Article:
For those Christian scholars who work in biblical studies, theology or church history, it can be relatively straightforward to see how being a Christian and working in academia can fit together. For the rest of us, the jigsaw is not as easy to complete.
As a doctoral student I worried about whether I was being “Christian enough” in my approach to my studies and, if I’m honest, I wondered if being a Christian was making any difference at all to what I did and how I did it. In the course of struggling with these issues I came up with a threefold schema that I found helpful in working through just how my studies and my commitment to Christ fit together.
Here’s the schema. There are three ways in which being a Christian can make a difference in an academic life. At different moments of our academic journey we may well find that one of these ways is dominant, and it may well change over time. In some disciplines and working environments, one will almost always be more prominent than the others.
The three areas in which being a Christian should make a difference are:
- Contacts: the human contacts that my lecturing job or research position brings me. It’s about relationships: who is involved in my work. This might include colleagues, administrators, people I correspond with, the person who cleans my office, or people whose books I read, and last but by no means least, my students.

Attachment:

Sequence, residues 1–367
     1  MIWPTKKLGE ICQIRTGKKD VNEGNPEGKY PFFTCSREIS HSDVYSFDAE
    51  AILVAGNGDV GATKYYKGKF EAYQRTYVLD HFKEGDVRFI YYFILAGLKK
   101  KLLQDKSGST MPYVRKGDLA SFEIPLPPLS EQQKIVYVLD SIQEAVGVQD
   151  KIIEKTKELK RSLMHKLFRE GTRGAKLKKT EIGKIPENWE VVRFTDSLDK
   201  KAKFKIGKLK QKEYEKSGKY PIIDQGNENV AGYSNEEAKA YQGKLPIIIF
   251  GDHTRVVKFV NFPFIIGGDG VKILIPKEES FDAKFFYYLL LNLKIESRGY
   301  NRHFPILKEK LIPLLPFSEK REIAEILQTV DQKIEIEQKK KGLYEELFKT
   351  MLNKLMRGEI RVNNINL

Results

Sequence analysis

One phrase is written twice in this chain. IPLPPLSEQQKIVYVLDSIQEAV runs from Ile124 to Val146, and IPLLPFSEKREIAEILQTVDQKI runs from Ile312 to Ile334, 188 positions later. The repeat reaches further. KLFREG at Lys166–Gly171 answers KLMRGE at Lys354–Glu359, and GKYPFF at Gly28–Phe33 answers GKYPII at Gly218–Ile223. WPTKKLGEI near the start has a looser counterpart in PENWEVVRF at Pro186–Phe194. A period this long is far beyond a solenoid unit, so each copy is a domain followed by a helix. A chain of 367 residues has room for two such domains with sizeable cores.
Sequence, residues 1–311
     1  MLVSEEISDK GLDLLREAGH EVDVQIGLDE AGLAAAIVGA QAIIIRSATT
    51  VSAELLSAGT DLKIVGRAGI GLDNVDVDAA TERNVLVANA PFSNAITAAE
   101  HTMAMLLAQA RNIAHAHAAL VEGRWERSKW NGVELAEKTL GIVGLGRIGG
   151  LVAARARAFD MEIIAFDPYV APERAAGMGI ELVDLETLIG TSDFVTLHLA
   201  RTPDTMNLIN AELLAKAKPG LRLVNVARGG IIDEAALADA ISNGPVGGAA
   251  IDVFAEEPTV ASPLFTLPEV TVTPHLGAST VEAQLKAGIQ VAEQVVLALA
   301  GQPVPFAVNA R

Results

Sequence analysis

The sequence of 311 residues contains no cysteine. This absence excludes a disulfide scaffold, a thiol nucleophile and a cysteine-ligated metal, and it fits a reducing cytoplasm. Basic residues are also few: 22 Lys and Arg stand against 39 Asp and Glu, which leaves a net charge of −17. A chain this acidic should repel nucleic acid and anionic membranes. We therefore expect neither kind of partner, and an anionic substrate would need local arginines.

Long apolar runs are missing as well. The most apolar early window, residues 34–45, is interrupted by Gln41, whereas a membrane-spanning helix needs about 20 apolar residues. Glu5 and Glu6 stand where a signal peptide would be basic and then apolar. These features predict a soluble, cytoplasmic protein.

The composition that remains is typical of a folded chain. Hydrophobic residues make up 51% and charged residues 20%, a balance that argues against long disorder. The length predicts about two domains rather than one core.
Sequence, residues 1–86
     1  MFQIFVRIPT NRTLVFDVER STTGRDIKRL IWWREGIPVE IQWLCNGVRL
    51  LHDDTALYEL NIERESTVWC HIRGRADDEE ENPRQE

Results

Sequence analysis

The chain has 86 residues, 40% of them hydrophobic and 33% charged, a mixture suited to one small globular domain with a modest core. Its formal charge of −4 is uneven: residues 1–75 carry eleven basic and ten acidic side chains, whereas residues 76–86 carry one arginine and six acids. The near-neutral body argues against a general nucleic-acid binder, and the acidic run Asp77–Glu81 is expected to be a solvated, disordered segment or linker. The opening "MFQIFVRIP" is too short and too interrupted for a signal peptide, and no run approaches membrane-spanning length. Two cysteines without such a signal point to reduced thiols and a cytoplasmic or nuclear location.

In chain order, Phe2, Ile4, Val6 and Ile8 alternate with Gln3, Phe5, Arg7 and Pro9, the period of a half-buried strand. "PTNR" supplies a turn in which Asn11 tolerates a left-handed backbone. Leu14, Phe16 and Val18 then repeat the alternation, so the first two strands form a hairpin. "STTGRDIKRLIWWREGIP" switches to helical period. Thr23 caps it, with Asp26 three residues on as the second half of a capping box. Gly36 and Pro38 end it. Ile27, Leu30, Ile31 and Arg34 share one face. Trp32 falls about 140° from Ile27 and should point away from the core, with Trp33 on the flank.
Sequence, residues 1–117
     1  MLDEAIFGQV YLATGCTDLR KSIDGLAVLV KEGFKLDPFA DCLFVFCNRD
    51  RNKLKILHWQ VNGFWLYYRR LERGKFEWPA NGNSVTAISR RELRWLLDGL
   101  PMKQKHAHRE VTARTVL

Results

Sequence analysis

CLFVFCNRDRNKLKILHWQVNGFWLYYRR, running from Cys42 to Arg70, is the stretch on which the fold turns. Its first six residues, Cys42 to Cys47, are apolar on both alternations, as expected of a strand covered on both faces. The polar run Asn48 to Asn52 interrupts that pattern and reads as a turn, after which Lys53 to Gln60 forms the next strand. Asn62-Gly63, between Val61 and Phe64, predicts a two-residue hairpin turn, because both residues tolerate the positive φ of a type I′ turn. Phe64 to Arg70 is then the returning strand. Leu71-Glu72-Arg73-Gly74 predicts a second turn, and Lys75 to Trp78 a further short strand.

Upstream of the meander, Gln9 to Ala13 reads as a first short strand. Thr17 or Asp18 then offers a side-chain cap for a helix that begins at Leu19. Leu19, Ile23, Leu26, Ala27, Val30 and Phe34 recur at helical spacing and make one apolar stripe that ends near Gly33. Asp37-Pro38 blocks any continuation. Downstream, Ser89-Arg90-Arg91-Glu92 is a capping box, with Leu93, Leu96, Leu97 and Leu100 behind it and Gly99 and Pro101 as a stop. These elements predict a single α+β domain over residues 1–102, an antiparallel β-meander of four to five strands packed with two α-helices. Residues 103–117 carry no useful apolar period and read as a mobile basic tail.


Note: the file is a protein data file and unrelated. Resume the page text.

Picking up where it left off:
- Context: Here I’m thinking of the way that I approach my work. This is not specific to working in any particular field. It is the “how” of my work.
- Content: Here are the nitty-gritty details of my particular academic discipline, the “what” of my work. How do I take a Christian approach to the particular material, the particular questions I am considering as a researcher?
The three areas can be represented as the three points of a triangle. As you progress through your academic career you will move about within that triangle as a function of the difference that being a Christian makes to each of these areas.
For example, most people starting out in a secular academic field find that, for the first few years at least, being a Christian doesn’t make much difference to the content of their work, if any at all. After all, they are mastering the area and not yet in a position to critique it authoritatively from a Christian point of view. It takes time to gain the right, and the expertise, to have a voice at the table, and we shouldn’t be expecting to transform the discipline in the image of Christ right from our first published paper. This should not mean, however, that being a Christian is making no difference to our academic life, because in terms of contacts (treating everyone we meet at the university with respect, not just those senior to us) and context (not plagiarising, being generous and fair in our interpretations of other scholars’ work) Christ’s fingerprints should still be all over our academic life.
Where are you in the triangle at the moment? Where would you like to be in a year’s time?